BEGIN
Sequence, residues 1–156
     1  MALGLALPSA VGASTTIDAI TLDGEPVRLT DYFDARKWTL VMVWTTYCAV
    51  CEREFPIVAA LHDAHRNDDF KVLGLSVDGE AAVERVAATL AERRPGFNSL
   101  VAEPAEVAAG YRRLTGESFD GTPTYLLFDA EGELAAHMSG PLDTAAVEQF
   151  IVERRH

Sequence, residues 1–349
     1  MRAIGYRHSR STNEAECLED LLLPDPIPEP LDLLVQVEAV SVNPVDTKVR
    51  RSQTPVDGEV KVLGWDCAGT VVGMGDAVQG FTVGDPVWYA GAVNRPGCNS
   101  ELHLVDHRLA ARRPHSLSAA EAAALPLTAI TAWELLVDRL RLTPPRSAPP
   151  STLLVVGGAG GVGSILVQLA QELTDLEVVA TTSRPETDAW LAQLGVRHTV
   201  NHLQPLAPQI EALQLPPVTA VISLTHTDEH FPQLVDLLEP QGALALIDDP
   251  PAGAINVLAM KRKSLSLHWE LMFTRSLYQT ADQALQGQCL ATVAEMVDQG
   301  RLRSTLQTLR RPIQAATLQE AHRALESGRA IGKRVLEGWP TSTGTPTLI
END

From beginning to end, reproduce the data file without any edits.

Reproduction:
Sequence, residues 1–156
     1  MALGLALPSA VGASTTIDAI TLDGEPVRLT DYFDARKWTL VMVWTTYCAV
    51  CEREFPIVAA LHDAHRNDDF KVLGLSVDGE AAVERVAATL AERRPGFNSL
   101  VAEPAEVAAG YRRLTGESFD GTPTYLLFDA EGELAAHMSG PLDTAAVEQF
   151  IVERRH

Sequence, residues 1–349
     1  MRAIGYRHSR STNEAECLED LLLPDPIPEP LDLLVQVEAV SVNPVDTKVR
    51  RSQTPVDGEV KVLGWDCAGT VVGMGDAVQG FTVGDPVWYA GAVNRPGCNS
   101  ELHLVDHRLA ARRPHSLSAA EAAALPLTAI TAWELLVDRL RLTPPRSAPP
   151  STLLVVGGAG GVGSILVQLA QELTDLEVVA TTSRPETDAW LAQLGVRHTV
   201  NHLQPLAPQI EALQLPPVTA VISLTHTDEH FPQLVDLLEP QGALALIDDP
   251  PAGAINVLAM KRKSLSLHWE LMFTRSLYQT ADQALQGQCL ATVAEMVDQG
   301  RLRSTLQTLR RPIQAATLQE AHRALESGRA IGKRVLEGWP TSTGTPTLI